The Effects of Incentives and Time Reporting Delays on Time Reporting Accuracy and Directional Bias: An Experimental Investigation of Underreporting of Time

36 Pages Posted: 27 Jun 2011

Date Written: June, 27 2011

Abstract

Prior survey studies imply that time budgets create incentives for auditors to underreport time and that such incentives decrease time reporting accuracy. Our study, however, hypothesizes that incentivising time reporting provides a signal that time reports are important, which increases the effort individuals direct towards recalling time, thereby increasing time reporting accuracy. Results of an experiment indicate that providing individuals with incentives to underreport time reduces the size of time reporting misstatements (i.e. increases time reporting accuracy) but also, under certain conditions, biases such misstatements downward. Specifically, participants who were provided with incentives to underreport time, consistent with motivated reasoning theory, systematically underreported time when they reported time one-week after task completion, but not when they reported time immediately after task completion. Overall, this study enhances our understanding of the causes of inaccurate and directionally biased time reporting, which provides practical insights into how firms might address these issues.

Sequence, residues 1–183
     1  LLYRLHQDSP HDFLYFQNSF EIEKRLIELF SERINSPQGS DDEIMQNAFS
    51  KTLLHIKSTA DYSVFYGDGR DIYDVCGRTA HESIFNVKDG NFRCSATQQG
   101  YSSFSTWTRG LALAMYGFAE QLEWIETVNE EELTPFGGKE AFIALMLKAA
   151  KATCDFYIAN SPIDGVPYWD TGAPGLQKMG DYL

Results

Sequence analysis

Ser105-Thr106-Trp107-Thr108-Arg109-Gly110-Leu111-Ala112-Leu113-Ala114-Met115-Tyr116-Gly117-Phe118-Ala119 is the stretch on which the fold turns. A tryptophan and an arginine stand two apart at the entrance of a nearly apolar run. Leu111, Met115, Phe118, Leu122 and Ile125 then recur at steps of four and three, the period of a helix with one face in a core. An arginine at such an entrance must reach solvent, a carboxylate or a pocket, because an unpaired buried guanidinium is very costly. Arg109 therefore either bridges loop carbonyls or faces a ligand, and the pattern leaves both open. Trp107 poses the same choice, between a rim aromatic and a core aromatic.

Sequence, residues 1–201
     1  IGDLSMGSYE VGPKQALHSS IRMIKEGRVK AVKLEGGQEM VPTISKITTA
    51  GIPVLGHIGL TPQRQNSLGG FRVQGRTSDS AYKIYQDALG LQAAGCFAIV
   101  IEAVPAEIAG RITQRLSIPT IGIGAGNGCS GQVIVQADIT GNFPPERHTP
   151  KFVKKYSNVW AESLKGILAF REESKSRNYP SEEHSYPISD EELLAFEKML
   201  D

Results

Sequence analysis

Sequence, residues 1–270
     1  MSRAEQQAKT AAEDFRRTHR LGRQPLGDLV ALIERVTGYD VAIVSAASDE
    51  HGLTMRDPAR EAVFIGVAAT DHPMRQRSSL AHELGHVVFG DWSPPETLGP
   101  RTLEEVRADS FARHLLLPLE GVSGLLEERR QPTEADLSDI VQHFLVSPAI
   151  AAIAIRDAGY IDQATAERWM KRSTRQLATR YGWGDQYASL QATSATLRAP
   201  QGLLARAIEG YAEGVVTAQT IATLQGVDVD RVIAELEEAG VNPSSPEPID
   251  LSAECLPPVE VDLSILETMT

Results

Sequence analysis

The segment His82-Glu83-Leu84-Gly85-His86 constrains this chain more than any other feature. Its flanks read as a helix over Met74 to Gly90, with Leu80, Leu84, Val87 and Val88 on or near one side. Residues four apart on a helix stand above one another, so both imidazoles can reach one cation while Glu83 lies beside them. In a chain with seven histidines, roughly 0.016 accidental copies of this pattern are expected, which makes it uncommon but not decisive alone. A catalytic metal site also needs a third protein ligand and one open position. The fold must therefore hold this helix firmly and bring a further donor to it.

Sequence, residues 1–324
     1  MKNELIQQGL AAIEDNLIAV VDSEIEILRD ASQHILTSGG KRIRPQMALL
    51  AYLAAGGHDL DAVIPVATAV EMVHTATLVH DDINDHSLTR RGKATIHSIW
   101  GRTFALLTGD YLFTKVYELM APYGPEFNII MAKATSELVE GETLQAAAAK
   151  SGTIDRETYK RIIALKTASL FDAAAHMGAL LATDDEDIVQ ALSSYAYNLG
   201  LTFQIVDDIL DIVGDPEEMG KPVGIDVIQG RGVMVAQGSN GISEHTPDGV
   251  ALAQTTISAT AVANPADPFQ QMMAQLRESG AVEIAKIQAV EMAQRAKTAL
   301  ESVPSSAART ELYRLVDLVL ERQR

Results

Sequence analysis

Keywords: underreporting time, motivated reasoning, biased recall and time budget

Suggested Citation

Reffett, Andrew, The Effects of Incentives and Time Reporting Delays on Time Reporting Accuracy and Directional Bias: An Experimental Investigation of Underreporting of Time (June, 27 2011). Available at SSRN: https://ssrn.com/abstract=1873250 or http://dx.doi.org/10.2139/ssrn.1873250

Andrew Reffett (Contact Author)

Miami University of Ohio ( email )

Oxford, OH 45056
United States

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